For South African airlines, the situation is absolutely unprecedented. “The travel ban and ultimately the total prohibition of all domestic and international flights has all but destroyed the airline industry in South Africa,” Airlink CEO Roger Foster asserts to Engineering News & Mining Weekly. (Airlink is a private-sector airline that, until recently, had a franchise agreement with State-owned SAA.) “As far as I am aware, this is the first time in history that the entire domestic airline industry has been grounded, and what’s worse is that it is for an indefinite period.”
He points out that, while some local airlines had been in difficulty before the Covid-19 pandemic – notably SAA and SAX – others had been in good shape, even though the placing of SAA into business rescue in December had caused “collateral damage” to the rest of the sector. But the country’s lockdown and air travel ban had “collapsed” the industry and could significantly slow economic recovery. Commercial aviation is essential to ensure the recovery of South Africa’s and Southern Africa’s economies.
“People need to commute to and from work, businesses need to deploy personnel between their offices and their remote sites, and all forms of tourism (including business, leisure and visiting friends and relatives) depend almost entirely on accessibility by air,” he points out. “The current situation of uncertainty as to when air travel will resume presents an extremely high risk of a total collapse of air transportation in South Africa, especially domestic and regional air transportation.”
Depending on how long the local ban on air travel is maintained, other South African airlines could be forced into business rescue or even liquidation. Yet, as Iata recently pointed out (with supporting evidence), the airline industry is able to mitigate the Covid-19 transmission risk, along its entire value chain, more than any other form of public transport (such as buses, taxis or trains).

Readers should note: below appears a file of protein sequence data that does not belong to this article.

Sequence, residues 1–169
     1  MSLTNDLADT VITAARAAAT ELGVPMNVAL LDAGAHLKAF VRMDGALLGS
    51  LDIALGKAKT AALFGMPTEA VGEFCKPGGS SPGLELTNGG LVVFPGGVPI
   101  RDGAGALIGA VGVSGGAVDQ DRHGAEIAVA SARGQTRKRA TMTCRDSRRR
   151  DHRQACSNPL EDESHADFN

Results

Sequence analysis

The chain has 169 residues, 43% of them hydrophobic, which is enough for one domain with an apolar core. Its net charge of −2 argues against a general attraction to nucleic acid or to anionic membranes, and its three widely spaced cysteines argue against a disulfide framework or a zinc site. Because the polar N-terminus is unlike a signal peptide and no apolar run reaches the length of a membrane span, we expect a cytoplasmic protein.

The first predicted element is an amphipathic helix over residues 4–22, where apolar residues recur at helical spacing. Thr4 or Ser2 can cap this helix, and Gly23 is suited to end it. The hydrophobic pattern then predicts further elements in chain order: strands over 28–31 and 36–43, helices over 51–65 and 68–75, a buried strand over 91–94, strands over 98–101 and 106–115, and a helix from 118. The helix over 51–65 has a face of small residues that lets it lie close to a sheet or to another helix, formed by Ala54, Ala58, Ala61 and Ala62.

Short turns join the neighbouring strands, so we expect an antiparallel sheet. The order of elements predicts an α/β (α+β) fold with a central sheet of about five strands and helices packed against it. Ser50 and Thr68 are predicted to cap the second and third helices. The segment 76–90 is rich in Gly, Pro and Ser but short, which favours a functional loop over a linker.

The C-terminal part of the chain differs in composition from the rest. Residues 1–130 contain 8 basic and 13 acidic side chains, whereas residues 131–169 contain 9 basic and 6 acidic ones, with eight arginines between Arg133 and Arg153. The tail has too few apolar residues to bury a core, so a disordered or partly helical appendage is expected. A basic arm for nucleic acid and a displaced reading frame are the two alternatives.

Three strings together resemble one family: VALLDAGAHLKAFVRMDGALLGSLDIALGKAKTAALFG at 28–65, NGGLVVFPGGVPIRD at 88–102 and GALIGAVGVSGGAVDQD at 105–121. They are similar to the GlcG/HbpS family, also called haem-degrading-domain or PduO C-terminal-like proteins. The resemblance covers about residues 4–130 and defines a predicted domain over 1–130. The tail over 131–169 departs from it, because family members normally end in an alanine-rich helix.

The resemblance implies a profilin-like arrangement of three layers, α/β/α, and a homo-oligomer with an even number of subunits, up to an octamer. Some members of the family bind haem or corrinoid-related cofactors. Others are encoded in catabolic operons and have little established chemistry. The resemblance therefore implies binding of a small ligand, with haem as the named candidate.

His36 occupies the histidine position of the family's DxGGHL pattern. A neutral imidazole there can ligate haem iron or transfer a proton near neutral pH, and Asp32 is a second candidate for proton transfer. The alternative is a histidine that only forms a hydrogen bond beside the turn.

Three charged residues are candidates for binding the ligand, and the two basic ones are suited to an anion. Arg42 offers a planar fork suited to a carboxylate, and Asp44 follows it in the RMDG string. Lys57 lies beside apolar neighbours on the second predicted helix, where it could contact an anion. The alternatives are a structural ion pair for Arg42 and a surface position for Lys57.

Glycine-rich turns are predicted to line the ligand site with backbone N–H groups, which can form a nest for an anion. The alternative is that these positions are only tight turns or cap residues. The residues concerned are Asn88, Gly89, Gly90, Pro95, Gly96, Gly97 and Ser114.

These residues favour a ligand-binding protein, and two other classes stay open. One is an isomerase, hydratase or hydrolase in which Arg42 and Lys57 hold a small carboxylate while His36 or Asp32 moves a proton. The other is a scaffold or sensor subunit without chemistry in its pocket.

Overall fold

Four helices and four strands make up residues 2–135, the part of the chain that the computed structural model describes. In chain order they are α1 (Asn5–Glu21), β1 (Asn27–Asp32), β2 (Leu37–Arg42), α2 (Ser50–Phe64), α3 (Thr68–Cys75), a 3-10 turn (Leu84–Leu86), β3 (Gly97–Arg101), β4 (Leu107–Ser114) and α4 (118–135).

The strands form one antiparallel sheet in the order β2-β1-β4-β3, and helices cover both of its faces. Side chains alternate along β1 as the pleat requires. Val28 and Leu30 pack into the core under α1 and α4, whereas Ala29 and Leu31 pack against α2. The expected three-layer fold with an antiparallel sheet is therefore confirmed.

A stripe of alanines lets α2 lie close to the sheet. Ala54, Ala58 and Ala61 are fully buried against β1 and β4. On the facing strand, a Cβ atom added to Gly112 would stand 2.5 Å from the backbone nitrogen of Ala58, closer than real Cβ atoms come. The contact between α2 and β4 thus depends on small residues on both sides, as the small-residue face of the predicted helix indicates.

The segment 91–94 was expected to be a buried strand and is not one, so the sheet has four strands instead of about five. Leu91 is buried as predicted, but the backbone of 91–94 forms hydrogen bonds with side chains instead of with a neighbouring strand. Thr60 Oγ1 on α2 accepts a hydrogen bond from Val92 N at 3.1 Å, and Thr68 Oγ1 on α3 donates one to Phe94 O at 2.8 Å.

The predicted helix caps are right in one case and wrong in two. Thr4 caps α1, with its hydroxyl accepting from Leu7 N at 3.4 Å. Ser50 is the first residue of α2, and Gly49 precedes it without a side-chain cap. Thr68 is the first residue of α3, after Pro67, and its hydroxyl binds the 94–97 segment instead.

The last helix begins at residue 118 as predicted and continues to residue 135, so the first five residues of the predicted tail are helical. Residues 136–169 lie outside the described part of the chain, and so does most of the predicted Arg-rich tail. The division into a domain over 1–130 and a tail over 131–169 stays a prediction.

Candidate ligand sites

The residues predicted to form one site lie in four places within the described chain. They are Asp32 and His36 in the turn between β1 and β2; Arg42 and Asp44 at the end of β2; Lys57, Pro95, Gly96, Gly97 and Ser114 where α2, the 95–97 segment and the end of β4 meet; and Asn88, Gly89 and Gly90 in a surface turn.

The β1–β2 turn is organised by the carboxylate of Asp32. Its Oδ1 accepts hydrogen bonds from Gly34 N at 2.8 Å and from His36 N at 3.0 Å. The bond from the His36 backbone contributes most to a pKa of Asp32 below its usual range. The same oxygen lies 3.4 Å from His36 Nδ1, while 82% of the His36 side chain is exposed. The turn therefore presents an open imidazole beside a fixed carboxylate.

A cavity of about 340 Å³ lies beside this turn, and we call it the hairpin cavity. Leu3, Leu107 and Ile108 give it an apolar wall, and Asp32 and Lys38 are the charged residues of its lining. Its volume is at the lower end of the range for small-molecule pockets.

“It is tough to predict what the new post-Covid-19 market will look like,” admits Foster. “Our local industry has been shut down entirely for a prolonged and indefinite period and many countries have closed their borders temporarily. I have never been a pessimist, but I am sceptical about a bounce-back. I prefer a more cautious approach to recovery expectation, and I sense that it will take quite a while before international air travel reaches its new norm. I believe that the market will be far less than the pre-Covid-19 pandemic levels and therefore far less capacity will be required. A gradual recovery implies that there will be fewer airlines offering less frequency and capacity than before, especially at the outset of the recovery period. I expect that all routes will be served but most likely with smaller-gauge aircraft than before.”
Regarding international flights, he also expects that there will be changes in this segment. The big long-haul airlines are likely to concentrate on the region’s stronger air travel hubs such as Johannesburg. Rather than serve smaller Southern African centres, such as Gaborone, Harare, Lusaka, Maputo and Windhoek, directly from their Middle Eastern home bases, they would take passengers to and from South Africa’s main airport, and let local airlines act as regional feeders into and out of this hub. This could present opportunities for South African and other regional airlines to develop close cooperation with the world’s top intercontinental airlines.